(4/12)They'd carried me away in order to bring me back. And though immediately Intralis' roof seemed a peculiar haven for the gravely possessed, I sat up and faced an image over and far beyond the city's barrier that justified their decision. Just before the horizon, a wall of flame was burning a crescent moon into the golden field; the moriah was alight and raging.

(4/13)Alarm shook me, "what's happening...who...?" "We did," Opalia said calmly, looking up at the putrid strip of smoke slipping from the chimney, "to get you here." "We cannot do it often," she continued, glancing at me and then out beyond the wall, "but the listening city has no choice other than deploy its defense if the moriah whispers war."

(4/14)Then I saw the silhouetted line drawn at the near edge of the golden field; the city's army awaited the announced attack, unaware that one would not come. The subtlety of blackened smoke had cued the moriah, and its subsequent demonstration emptied the city at the suggestion of assault. I walked my eyes across the well organized ranks crowded into the field, and ended at Intralis now looking at me from the roof's edge; "Tell us about your dreams."

(4/15)Things were happening too quickly, I felted jolted from one location to another, one mental state to its opposite and Intralis wanted explanation. At Intralis' table this new world had temporarily befriended me, offering brief glimpses of the sorts of things I might learn here, intimations of the sort of appreciation that changes people. But then we were in the street, fleeing the comfort of home with enigmatic smoke signals rising at our backs, ending finally in the racking I'd suffered at the whims of a tower's disembodied voices.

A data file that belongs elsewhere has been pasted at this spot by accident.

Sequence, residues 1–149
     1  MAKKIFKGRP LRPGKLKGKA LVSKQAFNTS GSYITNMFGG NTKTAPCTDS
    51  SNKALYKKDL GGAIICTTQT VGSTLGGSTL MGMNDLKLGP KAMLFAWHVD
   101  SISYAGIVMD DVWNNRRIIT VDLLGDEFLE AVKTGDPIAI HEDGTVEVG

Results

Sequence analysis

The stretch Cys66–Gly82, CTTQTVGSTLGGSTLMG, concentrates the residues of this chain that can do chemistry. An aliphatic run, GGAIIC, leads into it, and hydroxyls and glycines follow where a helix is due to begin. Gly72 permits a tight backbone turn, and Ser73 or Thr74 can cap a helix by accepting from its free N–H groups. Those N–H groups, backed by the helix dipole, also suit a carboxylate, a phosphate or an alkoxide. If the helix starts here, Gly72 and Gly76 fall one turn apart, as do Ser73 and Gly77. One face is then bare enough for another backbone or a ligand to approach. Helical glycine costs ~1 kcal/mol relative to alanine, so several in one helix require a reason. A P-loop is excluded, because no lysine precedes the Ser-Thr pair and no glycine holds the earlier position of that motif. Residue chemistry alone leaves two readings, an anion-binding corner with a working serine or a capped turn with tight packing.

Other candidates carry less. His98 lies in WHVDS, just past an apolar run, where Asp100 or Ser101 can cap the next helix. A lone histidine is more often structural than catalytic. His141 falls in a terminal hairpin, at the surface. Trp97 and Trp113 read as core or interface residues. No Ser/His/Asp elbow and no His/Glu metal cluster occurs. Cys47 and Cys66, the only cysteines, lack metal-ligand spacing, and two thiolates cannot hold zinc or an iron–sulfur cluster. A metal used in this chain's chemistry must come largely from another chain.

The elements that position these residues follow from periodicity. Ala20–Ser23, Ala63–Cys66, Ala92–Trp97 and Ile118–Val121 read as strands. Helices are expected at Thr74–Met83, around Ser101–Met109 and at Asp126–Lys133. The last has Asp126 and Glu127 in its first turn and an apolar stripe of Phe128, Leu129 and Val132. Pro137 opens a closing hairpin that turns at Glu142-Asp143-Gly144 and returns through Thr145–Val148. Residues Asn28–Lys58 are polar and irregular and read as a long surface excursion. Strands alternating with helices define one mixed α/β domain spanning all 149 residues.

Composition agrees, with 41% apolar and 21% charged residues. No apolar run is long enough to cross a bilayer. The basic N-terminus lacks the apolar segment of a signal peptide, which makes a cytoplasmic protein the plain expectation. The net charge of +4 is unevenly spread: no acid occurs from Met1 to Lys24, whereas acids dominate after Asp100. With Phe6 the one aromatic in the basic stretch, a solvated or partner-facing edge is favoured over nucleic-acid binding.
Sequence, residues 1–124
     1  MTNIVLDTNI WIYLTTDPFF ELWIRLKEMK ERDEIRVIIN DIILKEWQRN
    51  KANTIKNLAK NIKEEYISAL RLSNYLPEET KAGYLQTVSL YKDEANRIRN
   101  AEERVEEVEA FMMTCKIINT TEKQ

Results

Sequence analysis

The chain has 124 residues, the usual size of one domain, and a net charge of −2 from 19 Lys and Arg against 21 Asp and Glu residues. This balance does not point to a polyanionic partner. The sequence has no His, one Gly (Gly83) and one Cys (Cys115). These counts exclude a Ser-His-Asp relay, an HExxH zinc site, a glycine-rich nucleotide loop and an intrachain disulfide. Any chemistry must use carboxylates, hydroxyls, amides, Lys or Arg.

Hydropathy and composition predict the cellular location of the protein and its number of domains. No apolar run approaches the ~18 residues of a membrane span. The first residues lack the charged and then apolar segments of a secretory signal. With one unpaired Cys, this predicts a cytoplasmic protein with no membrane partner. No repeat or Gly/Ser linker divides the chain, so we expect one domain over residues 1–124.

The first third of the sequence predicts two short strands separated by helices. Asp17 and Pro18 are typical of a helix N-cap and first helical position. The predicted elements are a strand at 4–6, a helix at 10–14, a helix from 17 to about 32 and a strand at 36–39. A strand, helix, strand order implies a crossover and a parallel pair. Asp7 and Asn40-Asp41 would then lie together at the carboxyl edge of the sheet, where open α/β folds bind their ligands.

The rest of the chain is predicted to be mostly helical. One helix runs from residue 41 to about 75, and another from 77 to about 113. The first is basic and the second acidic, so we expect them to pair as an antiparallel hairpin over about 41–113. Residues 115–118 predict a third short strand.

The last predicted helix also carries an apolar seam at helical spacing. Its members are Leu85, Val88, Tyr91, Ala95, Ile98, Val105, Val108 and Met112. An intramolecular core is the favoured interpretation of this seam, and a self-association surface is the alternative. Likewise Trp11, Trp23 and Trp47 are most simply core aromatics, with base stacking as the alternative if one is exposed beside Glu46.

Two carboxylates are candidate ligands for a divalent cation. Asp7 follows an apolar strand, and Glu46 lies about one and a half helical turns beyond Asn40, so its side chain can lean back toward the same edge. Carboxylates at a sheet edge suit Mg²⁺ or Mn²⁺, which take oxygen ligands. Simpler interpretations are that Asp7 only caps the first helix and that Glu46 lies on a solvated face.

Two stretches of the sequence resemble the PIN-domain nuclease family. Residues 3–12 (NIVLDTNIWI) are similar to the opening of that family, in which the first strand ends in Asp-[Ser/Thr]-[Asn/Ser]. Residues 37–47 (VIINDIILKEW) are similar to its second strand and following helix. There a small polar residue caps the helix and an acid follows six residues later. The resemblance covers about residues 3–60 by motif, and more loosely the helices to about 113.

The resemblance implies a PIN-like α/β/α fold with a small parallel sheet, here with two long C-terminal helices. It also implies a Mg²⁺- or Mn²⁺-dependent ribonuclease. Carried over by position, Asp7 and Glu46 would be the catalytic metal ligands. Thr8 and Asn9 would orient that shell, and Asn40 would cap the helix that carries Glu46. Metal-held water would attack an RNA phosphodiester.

(4/16)The voices, fully present yet fully ethereal at the tower's base, left me nauseated sitting on the rooftop. The guilt sickened me most; in all the lessons of boyhood and the literature of philosophers I'd never heard a refutation of evil sufficient to rebuke what had seized me in front of the tower. Without committing any act at all, I yearned to repent and have some magic cleanse the recesses of my mind, the places my unrealized transgressions hid.

(4/17)Opalia watched as I scurried silently from one thought to another, abandoning each unfinished before moving to the next. Agony, desperation, suffocation, what wouldn't a drowning person barter for a gulp of air? She rested her hand on my leg, the rescuer in my darkening sea, and instructed simply, "breathe."